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Sourcing the Bias in Credit Ratings

By Marcin Kacperczyk, Assistant Professor of Finance

Marcin Kacperczyk on credit rating bias

The more suppliers of information covering the firm or issuer of credit in our context, the more costly it will be for the issuer to keep unfavorable news suppressed.

Much of the blame for the financial crisis of 2008 has been laid at the door of the three dominant credit rating agencies (CRAs), largely because they were paid by the very institutions whose credit-worthiness they rated. But according to new research by NYU Stern Professor Marcin Kacperczyk, the story is more complicated.

In “Do Security Analysts Discipline Credit Rating Agencies?,” Kacperczyk and co-authors Harrison Hong, Kingsley Fong, and Jeffrey Kubik investigated whether the number of analysts reporting on a particular company could also inject some bias into credit ratings. “Intuitively,” they write, “the more suppliers of information covering the firm or issuer of credit in our context, the more costly it will be for the issuer to keep unfavorable news suppressed.”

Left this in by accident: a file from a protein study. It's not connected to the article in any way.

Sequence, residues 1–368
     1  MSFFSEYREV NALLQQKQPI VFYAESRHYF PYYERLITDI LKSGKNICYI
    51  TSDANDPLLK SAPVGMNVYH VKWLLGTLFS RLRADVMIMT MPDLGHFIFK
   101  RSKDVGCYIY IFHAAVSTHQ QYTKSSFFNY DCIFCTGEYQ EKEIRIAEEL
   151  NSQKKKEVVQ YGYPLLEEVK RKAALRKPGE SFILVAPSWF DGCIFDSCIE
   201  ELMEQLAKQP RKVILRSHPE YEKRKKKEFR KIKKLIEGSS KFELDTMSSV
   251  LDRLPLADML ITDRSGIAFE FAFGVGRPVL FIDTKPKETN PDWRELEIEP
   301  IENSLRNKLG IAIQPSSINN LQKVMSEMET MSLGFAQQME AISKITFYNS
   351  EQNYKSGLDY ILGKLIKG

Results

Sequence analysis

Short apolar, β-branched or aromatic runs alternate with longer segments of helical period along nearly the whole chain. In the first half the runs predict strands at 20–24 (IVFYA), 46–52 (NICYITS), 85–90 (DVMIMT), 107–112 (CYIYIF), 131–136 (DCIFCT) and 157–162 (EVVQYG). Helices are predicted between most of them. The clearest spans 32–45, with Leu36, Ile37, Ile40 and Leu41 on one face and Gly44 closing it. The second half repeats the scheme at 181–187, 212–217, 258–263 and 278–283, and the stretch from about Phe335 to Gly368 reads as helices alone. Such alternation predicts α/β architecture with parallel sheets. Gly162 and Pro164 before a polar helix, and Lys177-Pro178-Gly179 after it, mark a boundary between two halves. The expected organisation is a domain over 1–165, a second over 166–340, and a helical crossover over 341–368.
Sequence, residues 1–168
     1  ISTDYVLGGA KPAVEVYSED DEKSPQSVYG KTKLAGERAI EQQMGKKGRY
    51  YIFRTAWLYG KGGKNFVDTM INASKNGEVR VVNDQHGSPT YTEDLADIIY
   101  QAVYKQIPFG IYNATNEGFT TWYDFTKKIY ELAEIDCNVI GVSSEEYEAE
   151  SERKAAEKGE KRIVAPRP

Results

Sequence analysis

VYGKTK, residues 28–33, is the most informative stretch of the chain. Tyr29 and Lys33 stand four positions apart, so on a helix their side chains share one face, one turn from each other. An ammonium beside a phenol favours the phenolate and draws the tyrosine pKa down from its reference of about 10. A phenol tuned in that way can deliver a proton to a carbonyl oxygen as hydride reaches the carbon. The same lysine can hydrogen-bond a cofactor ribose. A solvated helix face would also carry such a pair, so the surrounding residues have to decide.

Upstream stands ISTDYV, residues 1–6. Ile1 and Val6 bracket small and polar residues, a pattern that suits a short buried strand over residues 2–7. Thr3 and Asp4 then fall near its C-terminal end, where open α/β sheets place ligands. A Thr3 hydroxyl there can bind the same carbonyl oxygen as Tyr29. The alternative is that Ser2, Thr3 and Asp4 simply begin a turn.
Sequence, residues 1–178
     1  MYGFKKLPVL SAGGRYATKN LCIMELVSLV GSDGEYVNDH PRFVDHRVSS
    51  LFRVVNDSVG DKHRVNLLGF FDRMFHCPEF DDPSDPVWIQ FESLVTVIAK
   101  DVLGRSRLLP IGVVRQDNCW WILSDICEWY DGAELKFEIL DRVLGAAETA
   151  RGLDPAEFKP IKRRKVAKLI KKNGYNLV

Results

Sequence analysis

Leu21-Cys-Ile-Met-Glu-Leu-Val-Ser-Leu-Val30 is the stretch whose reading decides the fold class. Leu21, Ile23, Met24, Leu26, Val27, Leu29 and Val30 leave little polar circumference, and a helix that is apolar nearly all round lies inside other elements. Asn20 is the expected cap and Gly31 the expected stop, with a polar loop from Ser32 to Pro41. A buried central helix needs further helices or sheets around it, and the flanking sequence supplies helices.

The authors studied coverage and ratings for more than 2,900 publicly traded companies during between 1985 and 2005.

They realized that when brokerage houses merge, often the number of analysts assigned to a particular company is cut back, for efficiency purposes. Within this context, they were able to compare how a company’s ratings fared before and after the reduction. They found that the fewer the analysts, the higher the credit rating – by about half a ratings notch. This effect was most noticeable with companies initially covered by fewer than five analysts.

Because how analysts view a company’s equity or debt is one of the factors that shape its credit rating, Kacperczyk concluded that competition among analysts could function as a disciplining force on CRAs.